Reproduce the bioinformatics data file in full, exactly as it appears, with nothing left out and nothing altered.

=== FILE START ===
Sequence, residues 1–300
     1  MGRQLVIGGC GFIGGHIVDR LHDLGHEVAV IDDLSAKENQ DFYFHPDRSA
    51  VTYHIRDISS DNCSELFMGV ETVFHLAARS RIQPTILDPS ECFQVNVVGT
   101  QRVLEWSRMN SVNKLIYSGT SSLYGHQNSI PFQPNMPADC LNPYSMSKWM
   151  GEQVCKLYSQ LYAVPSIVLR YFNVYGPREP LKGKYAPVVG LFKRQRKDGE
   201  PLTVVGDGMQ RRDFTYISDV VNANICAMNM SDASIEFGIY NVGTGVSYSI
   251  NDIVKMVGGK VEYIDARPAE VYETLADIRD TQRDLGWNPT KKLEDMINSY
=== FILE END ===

Sequence, residues 1–300
     1  MGRQLVIGGC GFIGGHIVDR LHDLGHEVAV IDDLSAKENQ DFYFHPDRSA
    51  VTYHIRDISS DNCSELFMGV ETVFHLAARS RIQPTILDPS ECFQVNVVGT
   101  QRVLEWSRMN SVNKLIYSGT SSLYGHQNSI PFQPNMPADC LNPYSMSKWM
   151  GEQVCKLYSQ LYAVPSIVLR YFNVYGPREP LKGKYAPVVG LFKRQRKDGE
   201  PLTVVGDGMQ RRDFTYISDV VNANICAMNM SDASIEFGIY NVGTGVSYSI
   251  NDIVKMVGGK VEYIDARPAE VYETLADIRD TQRDLGWNPT KKLEDMINSY